During the THX Contrast setup the OPPO showed a slight green tinge on
the 2nd block in from the upper left where the Sony did not. Hue and
Color changes on the set did not affect it, nor did the Saturation or
RGB Range choices offered on the OPPO.
The THX Brightness setup showed with the OPPO having a slightly brighter
picture than the Sony that equate to about 1 notch on the Brightness
scale (51 on the Sony = 50 on the OPPO). Some of the gray blocks had a
slightly green tinge again on the OPPO that was not evident on the Sony.
The THX 16:9 Aspect Ration set showed better on the Sony with the OPPO
having distinct jaggies around the circle where the Sony was smooth.
The sample playback scene on the THX setup showed very well on both
players (jaw dropping in fact) with a slight edge to the OPPO for
shadows and a decidedly better treatment of edges when the scene stops
going to the Sony for not having jaggies (stair steps) like the OPPO.
For Kill Bill I used the duel scene near the end of the movie (Scene 16
on the menu) to audition both players. The OPPO again with the green
tinge evident in the snow where the Sony shows a bluer cast (which would
be more accurate for snow). The details imprinted on Lucy's robe
(Kimono?) was quite evident on both players as was the shine of the
blade in the close-ups. The snow falling was exquisite in detail on both
players. Both players displayed a slight bit of jumpieness during the
scrolling of the credits at the end.
The opening credits were a good source of comparison as I had the same
images on two different DVDs that I could quickly flip source between.
The Sony showed a slight edge in detail as you pan over the water toward
the city. There is a fade scene of some text and a cylon robot's head
the OPPO handled better with fewer jaggies and the text faded smoothly
with no interlacing type gaps in the image. The OPPO also showed the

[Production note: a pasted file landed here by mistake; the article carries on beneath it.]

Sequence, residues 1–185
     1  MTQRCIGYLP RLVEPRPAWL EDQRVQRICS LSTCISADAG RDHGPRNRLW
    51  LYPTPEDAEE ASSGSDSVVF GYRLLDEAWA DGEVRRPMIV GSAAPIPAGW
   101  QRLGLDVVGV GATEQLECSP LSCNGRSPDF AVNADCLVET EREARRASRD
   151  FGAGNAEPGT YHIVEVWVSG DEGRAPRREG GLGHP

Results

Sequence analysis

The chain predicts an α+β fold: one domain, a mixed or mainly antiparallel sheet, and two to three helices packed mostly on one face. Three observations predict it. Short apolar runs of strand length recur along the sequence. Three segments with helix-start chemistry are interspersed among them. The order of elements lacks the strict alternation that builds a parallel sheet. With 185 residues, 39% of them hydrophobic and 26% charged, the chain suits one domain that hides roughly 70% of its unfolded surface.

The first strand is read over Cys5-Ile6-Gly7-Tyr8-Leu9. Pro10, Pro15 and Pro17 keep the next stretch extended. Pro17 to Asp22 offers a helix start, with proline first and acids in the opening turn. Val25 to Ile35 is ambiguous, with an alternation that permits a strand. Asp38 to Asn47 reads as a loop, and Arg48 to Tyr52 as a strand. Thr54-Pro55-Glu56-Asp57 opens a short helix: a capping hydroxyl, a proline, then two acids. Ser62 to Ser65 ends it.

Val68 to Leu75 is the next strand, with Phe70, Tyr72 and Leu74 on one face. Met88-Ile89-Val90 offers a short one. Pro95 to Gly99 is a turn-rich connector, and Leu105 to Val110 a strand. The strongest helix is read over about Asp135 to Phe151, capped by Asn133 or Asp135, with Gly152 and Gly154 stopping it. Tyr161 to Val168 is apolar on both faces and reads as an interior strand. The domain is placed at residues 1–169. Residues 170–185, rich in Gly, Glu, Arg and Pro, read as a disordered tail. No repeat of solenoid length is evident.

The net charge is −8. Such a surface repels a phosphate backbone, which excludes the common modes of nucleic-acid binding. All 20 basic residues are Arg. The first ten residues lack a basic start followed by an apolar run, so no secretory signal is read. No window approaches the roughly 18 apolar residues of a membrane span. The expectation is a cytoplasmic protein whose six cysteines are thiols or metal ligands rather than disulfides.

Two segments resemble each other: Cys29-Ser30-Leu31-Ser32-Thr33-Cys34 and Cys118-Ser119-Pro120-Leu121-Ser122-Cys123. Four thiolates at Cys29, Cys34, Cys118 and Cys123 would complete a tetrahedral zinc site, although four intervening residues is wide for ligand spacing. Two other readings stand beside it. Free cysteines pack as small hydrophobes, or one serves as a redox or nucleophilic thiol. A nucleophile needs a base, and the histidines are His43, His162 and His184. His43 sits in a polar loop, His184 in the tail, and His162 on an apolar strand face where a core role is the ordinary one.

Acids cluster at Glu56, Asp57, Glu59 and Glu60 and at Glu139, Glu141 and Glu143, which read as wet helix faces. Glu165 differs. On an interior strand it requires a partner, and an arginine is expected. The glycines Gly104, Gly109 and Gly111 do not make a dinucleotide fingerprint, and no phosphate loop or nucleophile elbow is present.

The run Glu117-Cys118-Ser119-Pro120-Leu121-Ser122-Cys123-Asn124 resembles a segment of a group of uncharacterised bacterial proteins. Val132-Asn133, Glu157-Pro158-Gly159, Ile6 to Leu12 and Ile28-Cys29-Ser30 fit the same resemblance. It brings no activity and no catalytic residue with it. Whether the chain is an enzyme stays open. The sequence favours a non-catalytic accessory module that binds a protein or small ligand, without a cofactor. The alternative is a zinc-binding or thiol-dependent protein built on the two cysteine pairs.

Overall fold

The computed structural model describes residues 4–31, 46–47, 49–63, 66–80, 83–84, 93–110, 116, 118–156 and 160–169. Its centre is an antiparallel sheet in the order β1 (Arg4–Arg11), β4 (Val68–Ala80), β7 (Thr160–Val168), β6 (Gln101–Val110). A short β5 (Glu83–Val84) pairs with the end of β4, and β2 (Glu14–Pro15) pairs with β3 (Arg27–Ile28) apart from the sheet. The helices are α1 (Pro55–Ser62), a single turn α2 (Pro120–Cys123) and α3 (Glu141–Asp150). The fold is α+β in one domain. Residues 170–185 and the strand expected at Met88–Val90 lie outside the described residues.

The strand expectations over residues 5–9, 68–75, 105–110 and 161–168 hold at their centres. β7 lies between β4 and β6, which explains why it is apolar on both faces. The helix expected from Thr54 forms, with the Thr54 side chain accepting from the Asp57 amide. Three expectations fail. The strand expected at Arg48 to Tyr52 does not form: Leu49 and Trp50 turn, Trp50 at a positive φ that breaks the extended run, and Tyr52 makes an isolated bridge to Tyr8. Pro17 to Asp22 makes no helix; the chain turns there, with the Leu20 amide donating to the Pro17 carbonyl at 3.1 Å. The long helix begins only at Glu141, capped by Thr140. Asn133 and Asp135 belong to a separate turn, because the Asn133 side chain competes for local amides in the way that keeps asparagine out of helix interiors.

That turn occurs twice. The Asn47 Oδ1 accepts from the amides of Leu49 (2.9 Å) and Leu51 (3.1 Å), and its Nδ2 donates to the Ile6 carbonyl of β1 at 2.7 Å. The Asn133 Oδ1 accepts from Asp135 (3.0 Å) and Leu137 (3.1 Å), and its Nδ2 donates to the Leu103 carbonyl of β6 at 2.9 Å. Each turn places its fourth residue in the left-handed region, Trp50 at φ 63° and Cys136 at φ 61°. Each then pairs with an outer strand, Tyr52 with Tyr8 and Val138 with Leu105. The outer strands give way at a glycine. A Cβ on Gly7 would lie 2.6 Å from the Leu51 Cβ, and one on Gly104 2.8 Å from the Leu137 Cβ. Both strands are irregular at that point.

text of "49,284 Lives" in a more uniform way without looking like it was
shadow font. However this was all during frame advance, and completely
undetectable during normal playback speed.
The remotes are vastly different. The Sony offers some controls the OPPO
lacks such as skip fwd/back with will move about 15s for easy skipping
of credits or to repeat a scene. And the OPPO offers some features that
the Sony does not, like bookmarks (separate from the A>B loop thing) and
On Screen Display of the motion controls that can be operated via the
cursor controls (neat but not that useful).
The layout of the buttons on the Sony are easier to maneuver in the dark
(neither remote is backlit) and fit better in the hand. Both offer a
Slow Play feature but the Sony has sound with it while the OPPO does
not. The OPPO also combines both fwd/back on one button which makes it
harder to change direction.
The OPPO offers more intermediate levels of Zoom and even offers a
couple of Zoom Out positions where you can shrink the image on the
Many of the buttons on the OPPO cycle thru their functions (and return
to the starting point after several presses) where the Sony has more
buttons dedicated to specific functions or directions and only have 2 or
3 levels to cycle thru. One quirk about the Sony that is annoying is how
sensitive the cursor buttons are, often causing one to overshoot the
target with anything but the lightest of touch.
Both players offer superb image quality and will extend the life of your
DVD collection on your HDTV. I honestly could not tell the difference
between 720p and 1080p on the screen. I'm sure there are scenes on some
DVDs that will be better under 1080p but I did not find them in my
auditions. For the extra $100 the state of the art video processing from
the OPPO was wasted on me. In fact, I liked the more natural looking
images from the Sony. Plus the remote was the kicker... better control,
better ergonomics. I'll be requesting an RMA from OPPO and sticking with
my original purchase of the Sony. For what it's worth the OPPO does come
with a higher quality HDMI cable than the Sony.